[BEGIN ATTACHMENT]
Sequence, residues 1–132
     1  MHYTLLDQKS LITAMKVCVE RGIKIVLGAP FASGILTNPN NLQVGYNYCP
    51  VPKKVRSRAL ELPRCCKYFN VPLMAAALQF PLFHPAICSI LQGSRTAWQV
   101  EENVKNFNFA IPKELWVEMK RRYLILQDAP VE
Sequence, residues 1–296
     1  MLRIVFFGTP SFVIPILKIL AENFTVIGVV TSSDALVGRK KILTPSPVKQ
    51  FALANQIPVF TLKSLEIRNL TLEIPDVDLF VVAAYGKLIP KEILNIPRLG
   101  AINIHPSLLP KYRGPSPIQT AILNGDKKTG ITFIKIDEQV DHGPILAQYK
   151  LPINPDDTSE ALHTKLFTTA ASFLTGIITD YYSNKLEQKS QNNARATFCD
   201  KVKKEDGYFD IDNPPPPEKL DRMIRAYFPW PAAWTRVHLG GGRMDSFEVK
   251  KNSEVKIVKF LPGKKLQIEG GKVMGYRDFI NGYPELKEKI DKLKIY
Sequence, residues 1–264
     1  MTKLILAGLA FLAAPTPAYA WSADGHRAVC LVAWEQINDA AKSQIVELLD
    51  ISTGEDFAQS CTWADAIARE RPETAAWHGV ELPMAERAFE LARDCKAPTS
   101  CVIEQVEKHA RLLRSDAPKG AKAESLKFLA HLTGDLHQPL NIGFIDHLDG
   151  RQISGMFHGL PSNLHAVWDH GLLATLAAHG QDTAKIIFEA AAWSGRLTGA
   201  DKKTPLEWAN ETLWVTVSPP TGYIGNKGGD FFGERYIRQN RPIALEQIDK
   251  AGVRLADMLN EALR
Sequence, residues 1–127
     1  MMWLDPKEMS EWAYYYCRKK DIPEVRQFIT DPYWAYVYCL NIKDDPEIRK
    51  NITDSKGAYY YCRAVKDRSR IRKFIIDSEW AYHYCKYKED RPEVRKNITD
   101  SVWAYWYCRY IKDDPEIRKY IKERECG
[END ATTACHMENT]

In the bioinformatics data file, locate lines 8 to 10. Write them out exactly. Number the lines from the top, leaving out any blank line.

   101  AINIHPSLLP KYRGPSPIQT AILNGDKKTG ITFIKIDEQV DHGPILAQYK
   151  LPINPDDTSE ALHTKLFTTA ASFLTGIITD YYSNKLEQKS QNNARATFCD
   201  KVKKEDGYFD IDNPPPPEKL DRMIRAYFPW PAAWTRVHLG GGRMDSFEVK